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Interest rate cut welcomed

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Amid the bleakness of extended lockdown and further economic weakening came a little bit of good news in the form of another interest rate cut.

The Monetary Policy Committee has been commended for acting boldly and cutting the rate by a further 1% to help ease the financial burden on South Africans during the lockdown period.

“I think it was a timeous decision and I applaud the committee for taking such proactive measures to help consumers and small businesses survive within the current circumstances,” says Adrian Goslett, chief executive of Re/Max of Southern Africa. Although the decision will have negative consequences for the Rand, he believes the upside benefits outweigh the downside risks that the cut poses for our economy.

“The immediate relief this decision provides to both consumers and businesses is exactly what our country needed at this time.” He notes, however, that South Africans would be wise to use the interest rate cut to pay off debt as quickly as possible.

“If you can afford to do so, keep your repayments at the same value before the cut…If you cannot afford to do this then use the money you save on interest charges to avoid purchasing items on credit and getting yourself into further debt.”

Richard Gray, chief executive of Harcourts South Africa also welcomed the decision to bring the interest rate down to 4.25% as it makes buying a home more affordable. It also boosts consumer confidence which translates into increased economic activity in these uncertain times.

“The man on the street is certainly bearing the brunt of an economy under serious pressure and as the long term affects remain unclear at this point this announcement today will help many consumers breathe a sigh of relief and help mitigate the ominous situation we face from a financial perspective.”

The cut also means that the prime lending rate has dropped from 8.75% to 7.5%, notes Mike Greeff, chief executive of Greeff Christie’s International Real Estate.

“This is unprecedented and is certainly a response to Covid-19 as a cut in repo rate is necessary to mitigate the effects the virus has had on the economy. It is also seen as a necessary means to try and restore the economy once the lockdown has been lifted.”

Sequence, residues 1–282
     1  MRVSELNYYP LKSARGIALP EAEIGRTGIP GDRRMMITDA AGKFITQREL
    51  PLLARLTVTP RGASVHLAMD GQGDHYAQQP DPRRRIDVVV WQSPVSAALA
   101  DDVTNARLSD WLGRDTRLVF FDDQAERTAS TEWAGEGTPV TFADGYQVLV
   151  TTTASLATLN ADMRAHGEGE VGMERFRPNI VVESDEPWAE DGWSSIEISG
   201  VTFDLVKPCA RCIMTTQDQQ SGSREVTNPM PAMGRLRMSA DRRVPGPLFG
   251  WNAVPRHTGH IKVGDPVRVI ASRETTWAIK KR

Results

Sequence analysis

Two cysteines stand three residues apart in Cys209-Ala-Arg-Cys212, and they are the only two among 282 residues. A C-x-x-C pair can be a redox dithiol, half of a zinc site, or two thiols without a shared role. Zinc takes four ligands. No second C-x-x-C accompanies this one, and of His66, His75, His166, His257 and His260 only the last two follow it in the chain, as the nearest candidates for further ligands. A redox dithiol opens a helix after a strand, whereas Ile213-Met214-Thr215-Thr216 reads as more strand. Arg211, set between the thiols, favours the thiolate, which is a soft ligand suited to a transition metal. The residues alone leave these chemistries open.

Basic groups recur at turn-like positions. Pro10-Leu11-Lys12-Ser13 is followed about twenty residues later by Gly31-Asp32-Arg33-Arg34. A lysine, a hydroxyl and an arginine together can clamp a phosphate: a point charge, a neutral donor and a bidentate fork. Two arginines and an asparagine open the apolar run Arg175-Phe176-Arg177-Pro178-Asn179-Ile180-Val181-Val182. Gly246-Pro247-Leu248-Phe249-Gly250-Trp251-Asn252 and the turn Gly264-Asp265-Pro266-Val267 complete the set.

It will be somewhat easier for South Africans to qualify and pay off their home loans, once things return to normalcy, he says. “The decision to cut the repo rate by a further 1% shows us the seriousness of the virus’ effects on the economy and the earnest efforts the Reserve Bank is making to ensure that our economy keeps going.”

The decision was also applauded by Samuel Seeff, chairman of the Seeff Property Group., who says it is “absolutely necessary” for the economy and property market. It also takes the interest rate to a new historic low.

“Together with the previous cut, this is vital for when the country comes out of the Covid-19 Lockdown and the recovery starts.” He says the two rate cuts provide a saving of about 20% for property buyers and is a significant boost for demand, adding that he expects the property market to emerge from the lockdown with a level of pent-up demand, mainly in the primary residential market to around R1.5 million.

While acknowledging that the rate cut will not offset the negative effects total income loss for those not able to work from home or designated as essential workers, Andrew Golding, chief executive of the Pam Golding Property group, the MPC’s move will help ease the pressures on the residential housing market. It will assist those with mortgages or seeking finance to acquire a home.

“From a property perspective, it is hoped that part of the easing of lockdown restrictions will include reopening or at least partial reopening of the Deeds Office which will enable transfers to be processed regarding successfully concluded sales transactions, which would aid indebted, distressed sellers already severely impacted by the current economic recession.

“Furthermore, the freezing of the property industry, which is currently in limbo to a large degree, means that government is precluded from receiving much-needed revenue from transfer duty, which is a significant contributor to SARS.”

FNB chief executive says the SARB is taking “bold steps” in “extraordinary circumstances” to shield people and businesses from the impact of a world-wide pandemic.

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